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When a Perfect Marriage Turns Sour,
This review is from: Gone Girl (Hardcover)
A beautiful woman is snared by a young man who can't believe his good fortune. She is well off and adores him. What can be better? Both are writers living in New York but they lose their jobs. In addition, the woman's parents become financially bereft and ask their daughter to borrow her money. Poor, they use the last of her money to buy a bar in his hometown which is run by her husband and his twin sister.
Amy Elliott Dunne has another side to her personality that Nick Dunne is about to discover as the ideal marriage that he thought he had begins to fall apart. When Amy disappears Nick is believed to be the cause of her disappearance.
Did he murder his beloved wife? Nick knows he didn't but all signs point to that conclusion. The police believe he is responsible for her absence. Her parents, who stand by him in the beginning, arrive at the same belief. The public and the media are likewise convinced. He wonders if even his twin sister believes it as well. Before the reader discovers the truth, the reader becomes wrapped up in endless detail.
This is a thriller that does keep one turning the pages but it roars to a pallid conclusion. I liked it but thought that someone should have spent more time editing as details are presented again and again. I know many others will like this read but I was disappointed.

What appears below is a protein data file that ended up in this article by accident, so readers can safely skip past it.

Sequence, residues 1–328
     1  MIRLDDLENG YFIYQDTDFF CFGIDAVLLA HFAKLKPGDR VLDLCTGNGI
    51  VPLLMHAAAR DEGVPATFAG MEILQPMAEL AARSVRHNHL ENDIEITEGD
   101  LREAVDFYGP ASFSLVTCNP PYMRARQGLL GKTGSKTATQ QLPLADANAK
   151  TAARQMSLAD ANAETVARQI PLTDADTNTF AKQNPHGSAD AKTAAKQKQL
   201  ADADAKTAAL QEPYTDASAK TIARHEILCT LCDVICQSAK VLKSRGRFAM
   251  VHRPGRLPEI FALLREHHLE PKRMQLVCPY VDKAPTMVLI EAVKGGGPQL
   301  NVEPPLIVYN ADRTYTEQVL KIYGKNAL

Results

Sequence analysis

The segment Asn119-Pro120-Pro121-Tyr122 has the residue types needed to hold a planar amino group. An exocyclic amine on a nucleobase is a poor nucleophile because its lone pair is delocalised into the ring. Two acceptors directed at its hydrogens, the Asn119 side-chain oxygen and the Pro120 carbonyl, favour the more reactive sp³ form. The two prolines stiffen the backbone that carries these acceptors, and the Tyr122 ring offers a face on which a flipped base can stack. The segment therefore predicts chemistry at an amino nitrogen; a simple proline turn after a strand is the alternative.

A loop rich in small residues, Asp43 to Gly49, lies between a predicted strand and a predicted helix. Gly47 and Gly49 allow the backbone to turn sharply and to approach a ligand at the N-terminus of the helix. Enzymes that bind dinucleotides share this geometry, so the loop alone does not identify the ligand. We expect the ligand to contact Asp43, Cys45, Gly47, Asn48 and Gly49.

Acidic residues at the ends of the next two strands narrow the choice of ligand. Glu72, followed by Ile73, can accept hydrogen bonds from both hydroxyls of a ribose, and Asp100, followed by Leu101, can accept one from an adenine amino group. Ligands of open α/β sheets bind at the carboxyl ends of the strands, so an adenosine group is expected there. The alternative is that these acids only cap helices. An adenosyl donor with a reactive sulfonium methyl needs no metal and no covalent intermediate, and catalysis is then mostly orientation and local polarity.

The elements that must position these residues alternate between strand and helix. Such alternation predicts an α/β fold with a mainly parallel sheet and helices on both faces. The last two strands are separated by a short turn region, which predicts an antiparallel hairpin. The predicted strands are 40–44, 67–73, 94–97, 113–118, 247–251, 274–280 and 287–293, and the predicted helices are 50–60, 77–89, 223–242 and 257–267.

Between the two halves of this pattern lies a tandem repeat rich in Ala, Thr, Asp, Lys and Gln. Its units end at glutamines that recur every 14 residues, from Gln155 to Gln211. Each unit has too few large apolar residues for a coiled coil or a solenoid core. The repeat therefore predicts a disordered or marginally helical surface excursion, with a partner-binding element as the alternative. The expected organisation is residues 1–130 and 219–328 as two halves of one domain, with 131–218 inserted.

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Showing 131-140 of 239 posts in this discussion
Posted on Dec 17, 2012 8:39:04 AM PST
Can I just say to everyone who says they hate the ending, that it's unsatisfying, that it's disappointing...that's the whole point. Without giving anything away, the reader shares this powerless feeling with Nick, a true testament to the author's ability to connect us to her characters. Yes it's frustrating and there's no release of that frustration in a "Gotcha!" moment, but again, we share that disappointment with Nick (and with other readers).
In reply to an earlier post on Dec 17, 2012 9:21:50 AM PST
Well, if Flynn's goal was to make the reader, hate the ending, feel unsatisfied, and disappointed, then I'd say it was a rousing success.
In reply to an earlier post on Dec 17, 2012 11:23:08 AM PST
Interesting point. I don't agree but I do think it's interesting.
In reply to an earlier post on Dec 22, 2012 5:01:56 PM PST
If you could care less, then that means that you care.
In reply to an earlier post on Dec 22, 2012 5:07:01 PM PST
Good thing you're not a writer. "would have gone down". I think you mean, 'would have went down'. Also, "I seen?" Goodness, did you even graduate high school?
In reply to an earlier post on Dec 22, 2012 5:13:55 PM PST
It's lose, not loose. I'm glad you didn't write the book.
Posted on Dec 24, 2012 5:20:13 PM PST
Diane Wilensky says:
I did not like this book-it was poorly written because of the constant use of foul language..What happened to mysteries and thrillers that don't have to resort to such language and are so well written?
In reply to an earlier post on Dec 26, 2012 11:36:54 AM PST
A critic says:
You're correct about the literal meaning and incorrect about the pragmatics.
In reply to an earlier post on Dec 26, 2012 11:37:47 AM PST
A critic says:
It's hilarious when people "correct" the right form (would have gone) with the wrong form (would have went). Seriously?